"It's amazing some of the things he's able to do at that young of an age," said his coach, Dave Hakstol, one day this fall. "Yet that's the way he's wired."
It's a good use of the cliché, a one-word summary for his journey thus far. The oldest of Venera and Vladimir Provorov's three children, Provorov had an early interest in the game that was nurtured and amplified by his father's own passion. Venera is a physician, Vladimir a successful businessman, both with a work ethic the son absorbed early in life.
He was as good a student as he was a player, recalled Penn State's Pavlychev, who was on his very first team at age 5. But he was hardly some robotic creature. Despite a good command of the English language and exposure to media on this continent, Provorov's answers are careful and usually short. But watch him with a visiting Russian reporter after a recent game at the Wells Fargo Center, and there is a stream of smiles, even laughter.
"When you hang out with him, you know he's 20," said Nolan Patrick, who played with him in Juniors. "He still has fun. It's just that, when he gets to the rink, he's all business."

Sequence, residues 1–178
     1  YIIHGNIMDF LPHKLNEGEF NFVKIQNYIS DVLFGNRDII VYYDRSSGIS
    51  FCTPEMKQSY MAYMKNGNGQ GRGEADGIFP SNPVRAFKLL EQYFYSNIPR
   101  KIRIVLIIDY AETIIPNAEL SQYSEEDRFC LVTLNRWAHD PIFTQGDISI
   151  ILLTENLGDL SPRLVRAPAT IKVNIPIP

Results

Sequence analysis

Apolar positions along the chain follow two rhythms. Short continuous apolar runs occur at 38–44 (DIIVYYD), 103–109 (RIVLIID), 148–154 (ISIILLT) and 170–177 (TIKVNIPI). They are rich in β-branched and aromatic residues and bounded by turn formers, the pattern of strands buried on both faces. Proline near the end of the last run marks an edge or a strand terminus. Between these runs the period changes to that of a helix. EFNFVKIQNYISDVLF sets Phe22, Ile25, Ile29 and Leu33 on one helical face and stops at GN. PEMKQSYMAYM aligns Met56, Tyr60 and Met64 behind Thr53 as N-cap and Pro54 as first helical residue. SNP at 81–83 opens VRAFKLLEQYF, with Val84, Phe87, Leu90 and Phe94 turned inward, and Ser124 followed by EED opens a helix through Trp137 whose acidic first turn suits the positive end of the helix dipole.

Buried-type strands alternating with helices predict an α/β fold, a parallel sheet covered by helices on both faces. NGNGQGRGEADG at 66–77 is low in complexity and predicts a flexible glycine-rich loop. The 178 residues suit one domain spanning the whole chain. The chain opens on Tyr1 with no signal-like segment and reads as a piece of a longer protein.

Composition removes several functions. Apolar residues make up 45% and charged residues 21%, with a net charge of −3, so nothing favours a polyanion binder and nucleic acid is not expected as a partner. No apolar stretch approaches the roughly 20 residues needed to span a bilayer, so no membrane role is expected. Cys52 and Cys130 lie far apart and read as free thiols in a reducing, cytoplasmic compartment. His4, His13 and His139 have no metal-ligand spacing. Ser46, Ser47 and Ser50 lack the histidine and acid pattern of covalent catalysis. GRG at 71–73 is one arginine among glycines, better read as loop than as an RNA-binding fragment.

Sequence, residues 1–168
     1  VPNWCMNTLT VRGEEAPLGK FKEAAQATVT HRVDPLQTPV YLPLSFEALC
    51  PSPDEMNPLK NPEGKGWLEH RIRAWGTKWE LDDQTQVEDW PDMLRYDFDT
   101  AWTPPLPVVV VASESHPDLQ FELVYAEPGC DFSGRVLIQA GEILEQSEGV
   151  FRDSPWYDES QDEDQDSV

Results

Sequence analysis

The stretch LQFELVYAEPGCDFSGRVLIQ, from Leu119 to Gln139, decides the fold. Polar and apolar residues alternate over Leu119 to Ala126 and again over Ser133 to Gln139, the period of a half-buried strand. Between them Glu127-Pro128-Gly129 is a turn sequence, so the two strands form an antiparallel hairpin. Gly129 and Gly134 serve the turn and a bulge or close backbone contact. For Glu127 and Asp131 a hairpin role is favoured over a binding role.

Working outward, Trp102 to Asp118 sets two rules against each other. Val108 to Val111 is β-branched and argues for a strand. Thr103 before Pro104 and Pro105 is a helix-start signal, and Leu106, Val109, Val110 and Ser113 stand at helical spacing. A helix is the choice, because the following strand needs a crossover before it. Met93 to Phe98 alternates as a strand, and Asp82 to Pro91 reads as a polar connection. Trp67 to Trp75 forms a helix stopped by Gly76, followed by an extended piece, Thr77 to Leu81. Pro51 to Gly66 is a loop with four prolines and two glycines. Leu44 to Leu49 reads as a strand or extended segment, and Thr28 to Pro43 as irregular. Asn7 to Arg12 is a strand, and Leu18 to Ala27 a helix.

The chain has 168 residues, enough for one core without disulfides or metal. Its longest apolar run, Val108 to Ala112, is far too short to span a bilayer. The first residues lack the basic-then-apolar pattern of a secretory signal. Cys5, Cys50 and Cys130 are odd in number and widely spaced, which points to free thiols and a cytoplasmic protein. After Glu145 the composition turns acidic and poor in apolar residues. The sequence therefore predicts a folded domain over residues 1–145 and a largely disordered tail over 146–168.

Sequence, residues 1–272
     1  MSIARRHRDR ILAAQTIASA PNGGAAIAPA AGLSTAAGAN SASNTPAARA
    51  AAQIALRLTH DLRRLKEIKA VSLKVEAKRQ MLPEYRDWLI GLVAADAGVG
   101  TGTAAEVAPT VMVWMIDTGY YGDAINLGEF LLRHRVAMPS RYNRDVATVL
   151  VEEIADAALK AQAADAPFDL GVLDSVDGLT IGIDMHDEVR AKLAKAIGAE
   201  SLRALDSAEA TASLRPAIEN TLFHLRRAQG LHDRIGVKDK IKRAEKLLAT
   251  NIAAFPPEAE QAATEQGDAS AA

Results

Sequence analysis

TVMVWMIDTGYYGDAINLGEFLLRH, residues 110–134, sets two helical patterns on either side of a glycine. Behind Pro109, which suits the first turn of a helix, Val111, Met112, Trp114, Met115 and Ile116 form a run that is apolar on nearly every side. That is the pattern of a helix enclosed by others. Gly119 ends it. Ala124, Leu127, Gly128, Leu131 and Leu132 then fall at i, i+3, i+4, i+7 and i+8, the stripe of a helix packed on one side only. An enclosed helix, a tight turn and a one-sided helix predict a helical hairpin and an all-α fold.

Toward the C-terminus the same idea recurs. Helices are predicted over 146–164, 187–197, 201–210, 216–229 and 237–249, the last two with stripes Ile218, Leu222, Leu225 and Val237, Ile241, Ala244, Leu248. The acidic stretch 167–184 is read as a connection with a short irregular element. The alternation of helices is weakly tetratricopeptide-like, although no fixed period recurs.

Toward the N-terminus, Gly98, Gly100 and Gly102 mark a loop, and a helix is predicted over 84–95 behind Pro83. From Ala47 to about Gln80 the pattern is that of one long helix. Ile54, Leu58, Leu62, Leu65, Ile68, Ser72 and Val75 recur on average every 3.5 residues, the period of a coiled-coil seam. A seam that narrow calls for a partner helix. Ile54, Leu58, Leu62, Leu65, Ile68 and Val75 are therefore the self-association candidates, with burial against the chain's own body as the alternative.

A 6-foot-7 sophomore forward on the Nittany Lions who was selected by the Penguins in the seventh round of the 2015 draft, Pavlychev said he owes a chunk of his success so far on his trailblazing friend. After playing in tournaments for the Wilkes-Barre Scranton Knights the previous spring, Provorov, with his father's help, recruited Pavlychev and another Yuroslavl teammate, Denis Smirnov, to join him there for a full season. There, they were told, the opportunities to reach the NHL would multiply.
Told of Pavlychev's comments, Provorov disputed them — with a joke. "I didn't raise them," he said. "I just helped them as a friend. They put in a lot of the work themselves. They got to Penn State by playing good hockey.
"You have to sacrifice sometimes to reach your goals. That's what I did. That's what they did too."
Pavlychev, who has 10 points in 12 games for Penn State this season, disagrees. "I tell you what," he said. "I had no idea college hockey existed."
Skating past college
College was the original idea for Provorov as well, but he played himself right out of that scenario and into Canada's Major Junior Leagues — specifically the Brandon Wheat Kings. Juniors offered many more games than college hockey did, many more opportunities to familiarize with the intricacies to playing defense on the smaller rinks that mimicked those in the NHL.